You Don't Mess With the Zohan
- Current Status
- In Season
- 112 minutes
- Wide Release Date
- Adam Sandler, Rob Schneider, Emmanuelle Chriqui
- Dennis Dugan
- Judd Apatow, Adam Sandler
We gave it a C+
Back in his Monty Python days, Michael Palin triumphed as a violence-prone barber who hates cutting hair and dreams of becoming a lumberjack — a lumberjack who dresses in women’s clothing. The constantly surprising sketch brimmed with anarchic references to Psycho, mother-and-son psychology, cross-dressing, 1930s movie musicals featuring manly Nelson Eddy as a crooning Royal Canadian Mountie, British on-the-surface propriety and conservatism, British beneath-the-surface kinkiness, and the increasing presence of sexual content on television in the swinging 1960s — all in a fluid seven minutes.
I mention this because in You Don’t Mess With the Zohan, Adam Sandler plays an elite Israeli commando who’s sick of combat and dreams of becoming a New York hairstylist — a hairstylist who dresses in polyester disco shirts and tight pants that emphasize his papaya-size package. And although there is an onslaught of sexual content and a parade of guest stars in cameos, the essential conservatism of the project guarantees that there are absolutely no surprises in a padded 112 minutes. (Okay, one surprise: Mariah Carey has a funny line promoting her own conservative musical product.)
There is, instead, about enough novelty to fill a seven-minute sketch, most of it relating to the sweetness with which Sandler initially presents himself as a curly-haired, hyper-macho Israeli super-Jew. This proudly Semitic James Bond is good to his parents (Shelley Berman plays Zohan’s papa like a pussycat compared with the kibitzing the old pro gave Larry David in Curb Your Enthusiasm), good to the tawny, bikinied Tel Aviv girls who flirt with him, good to his Israeli comrades, and even good to the little Arab kids whose villages he’s sometimes forced to disrupt on the hunt for terrorists. Everything he loves about his country is summed up in his love of hummus; he even brushes his teeth with the stuff. There are at least as many hummus visual jokes in this movie as there were ancient tribes in Israel.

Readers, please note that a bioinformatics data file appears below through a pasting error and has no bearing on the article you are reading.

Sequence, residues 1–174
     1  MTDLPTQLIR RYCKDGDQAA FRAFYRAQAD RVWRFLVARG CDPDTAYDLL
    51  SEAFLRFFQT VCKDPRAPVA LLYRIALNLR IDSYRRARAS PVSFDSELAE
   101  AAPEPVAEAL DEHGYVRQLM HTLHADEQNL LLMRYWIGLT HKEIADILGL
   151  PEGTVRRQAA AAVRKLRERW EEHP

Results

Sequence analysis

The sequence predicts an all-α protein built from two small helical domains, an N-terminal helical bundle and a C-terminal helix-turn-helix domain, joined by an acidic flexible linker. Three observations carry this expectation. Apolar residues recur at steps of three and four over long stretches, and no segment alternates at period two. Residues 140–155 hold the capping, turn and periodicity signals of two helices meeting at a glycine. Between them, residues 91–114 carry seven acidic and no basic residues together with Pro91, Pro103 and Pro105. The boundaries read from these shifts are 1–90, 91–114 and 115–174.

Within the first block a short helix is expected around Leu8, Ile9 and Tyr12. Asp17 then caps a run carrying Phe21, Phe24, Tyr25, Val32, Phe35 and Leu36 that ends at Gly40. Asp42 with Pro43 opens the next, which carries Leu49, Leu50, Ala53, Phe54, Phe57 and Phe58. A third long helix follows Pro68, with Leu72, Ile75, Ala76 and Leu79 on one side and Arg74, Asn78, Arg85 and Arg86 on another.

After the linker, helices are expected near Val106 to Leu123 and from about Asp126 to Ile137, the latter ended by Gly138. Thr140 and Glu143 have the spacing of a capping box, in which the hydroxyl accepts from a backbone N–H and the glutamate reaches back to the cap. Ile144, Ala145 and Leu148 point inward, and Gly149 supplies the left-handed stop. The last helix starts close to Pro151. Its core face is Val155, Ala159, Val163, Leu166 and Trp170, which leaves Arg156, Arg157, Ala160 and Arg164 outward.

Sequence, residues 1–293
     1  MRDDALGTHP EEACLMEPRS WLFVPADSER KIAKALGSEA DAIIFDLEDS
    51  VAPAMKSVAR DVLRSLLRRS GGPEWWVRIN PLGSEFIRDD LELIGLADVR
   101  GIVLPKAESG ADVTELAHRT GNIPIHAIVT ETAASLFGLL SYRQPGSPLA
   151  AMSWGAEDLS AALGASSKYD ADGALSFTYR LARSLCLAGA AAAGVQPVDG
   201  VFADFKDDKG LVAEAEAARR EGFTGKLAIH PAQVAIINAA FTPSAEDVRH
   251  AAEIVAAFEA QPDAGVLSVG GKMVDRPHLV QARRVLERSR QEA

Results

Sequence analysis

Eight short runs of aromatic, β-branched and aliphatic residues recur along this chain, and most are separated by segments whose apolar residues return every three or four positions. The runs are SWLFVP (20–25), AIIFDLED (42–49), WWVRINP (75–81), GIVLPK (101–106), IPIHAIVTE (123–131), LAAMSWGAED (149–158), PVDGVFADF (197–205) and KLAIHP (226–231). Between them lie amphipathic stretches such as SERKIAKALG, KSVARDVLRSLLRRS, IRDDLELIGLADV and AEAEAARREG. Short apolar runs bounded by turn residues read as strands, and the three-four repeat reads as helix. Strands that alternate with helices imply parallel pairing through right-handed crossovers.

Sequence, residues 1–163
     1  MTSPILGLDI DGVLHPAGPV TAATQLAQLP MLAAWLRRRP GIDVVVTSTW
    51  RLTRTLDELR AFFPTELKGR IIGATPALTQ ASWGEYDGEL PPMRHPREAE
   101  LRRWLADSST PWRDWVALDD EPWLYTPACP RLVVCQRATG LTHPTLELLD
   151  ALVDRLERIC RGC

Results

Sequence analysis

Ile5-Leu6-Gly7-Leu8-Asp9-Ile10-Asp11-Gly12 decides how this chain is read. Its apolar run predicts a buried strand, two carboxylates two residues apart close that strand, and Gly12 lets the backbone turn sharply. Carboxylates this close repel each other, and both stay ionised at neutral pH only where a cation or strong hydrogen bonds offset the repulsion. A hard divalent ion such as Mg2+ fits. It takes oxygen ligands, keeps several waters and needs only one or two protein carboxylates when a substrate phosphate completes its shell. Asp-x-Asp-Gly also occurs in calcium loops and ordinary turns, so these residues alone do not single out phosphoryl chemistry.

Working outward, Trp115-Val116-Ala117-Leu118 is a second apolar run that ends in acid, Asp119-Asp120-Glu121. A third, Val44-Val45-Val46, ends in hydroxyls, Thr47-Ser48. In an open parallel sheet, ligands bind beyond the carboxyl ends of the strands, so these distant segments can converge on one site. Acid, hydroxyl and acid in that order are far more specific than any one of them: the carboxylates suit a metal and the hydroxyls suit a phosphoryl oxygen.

As a Hebraic he-man, Sandler is a menschy charmer, all the more so for being so casually, confidently post-political about the role; it’s a sexy, adult look for the guy, who also musters an excellent accent and does a nice bit catching bullets in his teeth. But once Zohan fakes his death and escapes to America rather than track down the Palestinian terrorist known as the Phantom (John Turturro, a reliable Every-ethnic), the comedy gets old just as the action shifts to the new world. (The movie is co-written by Sandler, SNL‘s Robert Smigel, and the ubiquitous Judd Apatow, and directed by Happy Gilmore‘s Dennis Dugan.) Stowed away in an airplane cargo hold with two doggies in transit, Zohan takes the combined names of his canine fellow travelers and emerges at JFK restyled as would-be hairdresser Scrappy Coco. His tonsorial references have never progressed beyond those in a 1987 hair-fashion book he clutches like a precious bible. But that’s not all that hasn’t progressed: Scrappy is a typically, tediously innocent Sandler man-child when it comes to sex. He’s got the bulge but not the brains.
I know, I know, we’re not supposed to care about such persnickety niceties in such a cavalcade. But holy Koran and Torah both, do we need to swallow still more nervous jokes about being mistaken for a homosexual after the ”enlightened” groaners of I Now Pronounce You Chuck & Larry? Landed in melting-pot New York and hooked up with a job at a salon owned by a comely Palestinian cutie destined to become his love interest (Entourage‘s Emmanuelle Chriqui), Zohan/ Scrappy reveals his talent for satisfying the sexual desires of his older women clients. And most of the heterosexual laughs are had at the sight of their aging lust (more rhino than cougar) for his equipment (more toe-curling than hair-curling).
Then Rob Schneider arrives — he’s the comedy tax in any Adam Sandler production — as an aggrieved Palestinian taxi driver who IDs Zohan and rallies his fellow Arabs to rumble. That’s when the movie falls into a muck of lessons about shalom as bland as any underseasoned bowl of chickpea dip. Gone is any real Arab-Israeli pertinence. Instead, these New York-based Middle Easterners join forces against a last-act bogeyman, an urban developer (Michael Buffer) who’s cartoonishly villainous in his plans for neighborhood domination. Forget Monty Python, You Don’t Mess With the Zohan is a circus that never really flies. C+
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